In September of 1947, I entered Rhode Island State College. My favorite class was English taught by a Professor Smith. Some students called him "Dr. Sex" because in the books and stories we were required to read for him, much of our discussion seemed to revolve around that subject as it pertained to our assignments. "Sex" once gave a class writing assignment and to complete his assignment I would need a better writing instrument.
The college book store was in the basement of Quinn Hall. Quinn was a multitask building with library, administration office and a tiny college book store in its basement. I entered the store with a friend and asked the pretty coed grad student clerk about writing instruments. She was a little thing about five feet tall with light blue eyes and blond hair tied in a bun in back. She said they had the latest item, a newly invented pen called a "ball point". The ink was contained in the pen so, she explained, there would be no need to continuously dip the pen into an ink well. I bought one of her pens. Cost me six dollars, a lot of money for a poor freshman, and went home to my Quonset hut number 43 to begin "Sex's" assignment.
When I got half way through the "Sex" assignment, that ball point pen had indigestion, burped and all the ink came bubbling out and on to my creative writing. All would have to be done over again! There was no guarantee on the pen. I could not get my money back and could not afford buying another. I finished the assignment using the old pen and ink bottle instrument.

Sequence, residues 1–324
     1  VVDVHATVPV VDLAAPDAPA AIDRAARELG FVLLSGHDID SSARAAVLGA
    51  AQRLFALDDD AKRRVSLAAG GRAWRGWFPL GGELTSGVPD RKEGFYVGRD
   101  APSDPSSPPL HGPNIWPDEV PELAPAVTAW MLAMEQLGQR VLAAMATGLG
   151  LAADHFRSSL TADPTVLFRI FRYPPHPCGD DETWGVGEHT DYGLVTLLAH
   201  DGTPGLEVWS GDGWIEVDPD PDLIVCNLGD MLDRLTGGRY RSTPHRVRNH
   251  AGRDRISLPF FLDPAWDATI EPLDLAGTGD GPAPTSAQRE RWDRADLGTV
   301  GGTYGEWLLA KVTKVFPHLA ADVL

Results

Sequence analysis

Things are a bit different these days. On the top of my bedroom bureau there are many ball point pens, only two of which I paid for. These two specials are for doing a daily crossword puzzle; they write with dark ink and have erasers that quickly mute any mistake. The rest are all free. They have a litany of names on them. They come from doctors, hotels, orthopedic centers, insurance companies, churches and there is a special one emblazoned "Class of 1943 60th Anniversary Reunion EPHS".
Today one can have a much better ball point pen given to him than one he could buy sixty years ago! These pens write nice and clean, they do not get indigestion and if they run out of ink you can throw them away and get another for no charge!